For ancient Israel, the Temple of Solomon—indeed, the Temple Mount and all Jerusalem—was a symbol as well as a reality, a mythopoeic realization of heaven on earth, Paradise, the Garden of Eden.
After King David’s conquest of Jerusalem, the site became the “City of David.” But it was much more than the patrimony of the king and his household. It was also the sacred center where Yahweh, the personal name of the Israelite deity, established his house and household. Solomon built the deity’s house—the Temple—and the king’s house—the palace—side by side on the acropolis, the sacred mountain known as Mt. Zion. This cosmic mountain linked heaven and earth (as axis mundi); from here order was established at creation and was continually renewed and maintained through rituals and ceremonies. It was here that Adam and Eve were buried, according to Jewish tradition.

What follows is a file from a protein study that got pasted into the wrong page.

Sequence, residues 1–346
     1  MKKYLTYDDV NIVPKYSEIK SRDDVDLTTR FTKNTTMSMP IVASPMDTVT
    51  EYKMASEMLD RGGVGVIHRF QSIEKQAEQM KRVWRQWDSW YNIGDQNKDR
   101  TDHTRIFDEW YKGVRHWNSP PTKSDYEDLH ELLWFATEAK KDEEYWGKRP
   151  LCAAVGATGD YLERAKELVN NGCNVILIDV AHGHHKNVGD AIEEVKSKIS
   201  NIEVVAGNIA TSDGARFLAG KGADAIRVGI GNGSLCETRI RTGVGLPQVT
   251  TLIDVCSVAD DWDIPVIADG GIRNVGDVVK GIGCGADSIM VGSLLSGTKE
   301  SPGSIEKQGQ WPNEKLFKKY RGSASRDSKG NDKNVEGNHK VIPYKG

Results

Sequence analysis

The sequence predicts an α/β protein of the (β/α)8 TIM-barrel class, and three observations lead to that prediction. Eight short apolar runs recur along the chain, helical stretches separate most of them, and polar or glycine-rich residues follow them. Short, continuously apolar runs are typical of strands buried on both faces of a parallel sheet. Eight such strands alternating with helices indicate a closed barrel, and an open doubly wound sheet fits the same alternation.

The whole drew on celestial archetypes that were common to ancient Near Eastern cultures. Cosmic mountains, for example, were traditionally situated above the primordial waters (the “deep”), which, in an orderly cosmos, became the source of the sacred rivers that watered the four quarters of the earth.1